Link Posted: 11/11/2001 5:24:28 AM EDT
Link Posted: 11/11/2001 5:32:05 AM EDT
[Last Edit: 11/11/2001 5:25:55 AM EDT by Alacrity]
Probably the same exposure as Raf here, perhaps a bit more, in an academic setting. Which meant less fun, not necessarily more learn'in. Beleive it or not I had Professors, as an undergraduate, who argued FOR the "Standard Model". This nearly 15 years ago. There is hope. Tench Coxe is the most important man you have never heard of. Hot fudge sundae to anyone who can tell me why, in 50 words or less. Besides the fact he has a cool name (may name my second son Tench Coxe Alacrity) Luck Alac
Link Posted: 11/11/2001 5:36:22 AM EDT
Actually it was the Declaration of Independence where Thomas Jefferson used the words "all men are created equal" and, as Norm_G suggests, it meant just what it said, not what liberal BS professors may say. Then may I ask whom were we Declairing Indepenence from? I thought it was England. My mistake. What liberal about only saying "white" men to "white" men. Sounds pretty ultra right wing to me.
Link Posted: 11/11/2001 5:48:36 AM EDT
I make it a point to read a short list of things every year. 1. The Constitution of the United States of America 2. The Declaration of Independence 3. The Bible (a different translation each year) 4. The primary theological work of another culture or religion (The Book of Mormon this year) 5. The Moon is a Harsh Mistress, Robert A. Heinlein 6. Silverlock, John Myers Myers 7. The Chronicles of Narnia, C. S. Lewis 8, 9, 10. The Seven Habits of Highly Effective People, First Things First, Principle Centered Leadership, Stephen R. Covey, Merrill, Merrill 11. The Kama Sutra (trans. Sir Richard Burton) [b]Just in Case![/b] 12. The Tactics of Mistake, Gordon R. Dickson 13. Lest Darkness Fall, L. Sprague De Camp And others as well, but these are my touchstones.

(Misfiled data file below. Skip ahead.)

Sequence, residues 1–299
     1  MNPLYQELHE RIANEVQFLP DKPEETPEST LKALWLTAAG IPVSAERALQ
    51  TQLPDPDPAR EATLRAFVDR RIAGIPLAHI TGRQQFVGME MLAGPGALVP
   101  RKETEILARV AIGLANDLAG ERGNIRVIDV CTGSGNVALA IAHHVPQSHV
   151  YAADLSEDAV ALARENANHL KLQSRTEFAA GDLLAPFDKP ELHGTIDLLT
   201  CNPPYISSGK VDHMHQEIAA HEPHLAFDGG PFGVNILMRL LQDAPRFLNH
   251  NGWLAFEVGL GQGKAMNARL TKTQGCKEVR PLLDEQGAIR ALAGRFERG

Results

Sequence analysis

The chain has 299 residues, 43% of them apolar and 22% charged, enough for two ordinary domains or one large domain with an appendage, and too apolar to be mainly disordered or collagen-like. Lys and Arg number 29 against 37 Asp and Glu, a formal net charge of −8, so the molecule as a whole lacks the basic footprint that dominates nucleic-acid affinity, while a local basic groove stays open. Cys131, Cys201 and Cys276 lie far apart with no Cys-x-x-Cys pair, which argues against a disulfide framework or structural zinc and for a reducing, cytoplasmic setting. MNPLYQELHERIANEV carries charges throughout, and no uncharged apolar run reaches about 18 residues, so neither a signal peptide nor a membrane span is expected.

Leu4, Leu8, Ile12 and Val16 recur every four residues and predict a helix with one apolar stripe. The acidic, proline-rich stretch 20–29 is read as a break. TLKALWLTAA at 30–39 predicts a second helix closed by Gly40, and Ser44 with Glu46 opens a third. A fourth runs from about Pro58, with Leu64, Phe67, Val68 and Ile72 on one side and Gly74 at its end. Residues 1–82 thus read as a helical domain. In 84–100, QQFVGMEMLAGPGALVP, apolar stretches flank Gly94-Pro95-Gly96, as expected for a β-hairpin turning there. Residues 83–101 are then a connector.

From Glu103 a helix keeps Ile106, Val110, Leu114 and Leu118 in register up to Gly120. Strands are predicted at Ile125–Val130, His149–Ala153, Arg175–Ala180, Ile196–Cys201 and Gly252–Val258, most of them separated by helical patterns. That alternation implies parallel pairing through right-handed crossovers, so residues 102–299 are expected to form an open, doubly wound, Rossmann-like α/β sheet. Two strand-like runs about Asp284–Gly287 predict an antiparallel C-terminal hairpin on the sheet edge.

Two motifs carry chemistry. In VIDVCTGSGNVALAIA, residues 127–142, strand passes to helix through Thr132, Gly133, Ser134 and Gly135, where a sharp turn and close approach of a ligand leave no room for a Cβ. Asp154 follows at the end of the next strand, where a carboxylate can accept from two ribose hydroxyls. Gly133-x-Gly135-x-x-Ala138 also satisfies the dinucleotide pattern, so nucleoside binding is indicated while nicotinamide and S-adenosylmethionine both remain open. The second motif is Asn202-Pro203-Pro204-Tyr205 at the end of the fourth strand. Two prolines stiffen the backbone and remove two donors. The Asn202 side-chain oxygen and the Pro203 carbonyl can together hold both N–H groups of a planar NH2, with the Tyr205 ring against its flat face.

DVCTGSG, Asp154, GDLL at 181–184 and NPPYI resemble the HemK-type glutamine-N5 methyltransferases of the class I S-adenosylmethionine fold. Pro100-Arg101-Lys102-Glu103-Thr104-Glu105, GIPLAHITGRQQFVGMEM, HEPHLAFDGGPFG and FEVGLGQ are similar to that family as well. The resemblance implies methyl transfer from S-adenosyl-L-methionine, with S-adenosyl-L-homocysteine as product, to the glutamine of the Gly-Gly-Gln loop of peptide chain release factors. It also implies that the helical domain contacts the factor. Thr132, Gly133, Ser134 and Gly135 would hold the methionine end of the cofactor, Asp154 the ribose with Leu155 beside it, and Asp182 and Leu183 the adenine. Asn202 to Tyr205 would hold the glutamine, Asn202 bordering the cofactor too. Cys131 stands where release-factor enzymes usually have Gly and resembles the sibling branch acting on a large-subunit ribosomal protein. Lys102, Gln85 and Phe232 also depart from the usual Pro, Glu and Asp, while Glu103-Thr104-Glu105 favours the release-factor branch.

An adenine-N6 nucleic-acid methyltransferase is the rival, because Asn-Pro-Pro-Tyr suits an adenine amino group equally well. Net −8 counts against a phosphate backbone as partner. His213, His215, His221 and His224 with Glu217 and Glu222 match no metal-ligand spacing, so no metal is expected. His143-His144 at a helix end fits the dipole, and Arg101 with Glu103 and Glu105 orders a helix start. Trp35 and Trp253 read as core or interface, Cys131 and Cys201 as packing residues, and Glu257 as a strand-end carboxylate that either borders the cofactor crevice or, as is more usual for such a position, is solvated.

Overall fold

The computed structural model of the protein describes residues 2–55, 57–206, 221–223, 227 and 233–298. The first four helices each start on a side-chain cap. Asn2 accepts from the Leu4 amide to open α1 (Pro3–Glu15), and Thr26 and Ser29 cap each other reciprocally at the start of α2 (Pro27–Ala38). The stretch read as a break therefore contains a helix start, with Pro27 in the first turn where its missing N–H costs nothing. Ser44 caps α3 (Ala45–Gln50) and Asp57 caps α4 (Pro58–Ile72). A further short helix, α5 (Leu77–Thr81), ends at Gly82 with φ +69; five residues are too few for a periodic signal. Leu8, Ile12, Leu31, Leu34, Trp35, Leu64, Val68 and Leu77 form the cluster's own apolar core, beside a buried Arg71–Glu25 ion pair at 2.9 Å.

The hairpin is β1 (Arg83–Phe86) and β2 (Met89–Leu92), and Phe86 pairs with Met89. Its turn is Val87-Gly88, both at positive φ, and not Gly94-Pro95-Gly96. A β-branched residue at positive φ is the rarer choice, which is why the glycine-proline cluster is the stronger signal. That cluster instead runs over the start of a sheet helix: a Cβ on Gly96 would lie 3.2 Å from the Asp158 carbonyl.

Link Posted: 11/11/2001 6:04:23 AM EDT
Originally Posted By Royal_Lancer: Then may I ask whom were we Declairing Indepenence from? I thought it was England. My mistake. What liberal about only saying "white" men to "white" men. Sounds pretty ultra right wing to me.
View Quote
We were declaring our independence from England - did I say anything that contradicted this? By liberal, I was referring to the popularity today in many left wing circles to portray our founders as racist old crotchety white men. Also remember that Thomas Jefferson was damn near as Liberal as they came back in those days. It was radical indeed to suggest the things he did. Back then, "right wingers" were those who supported the king of England and royal authority. Jefferson was a leftist rabbel rouser. Ironically, now when people use his words, they are prtrayed as right wing extremists. How times have changed. Adam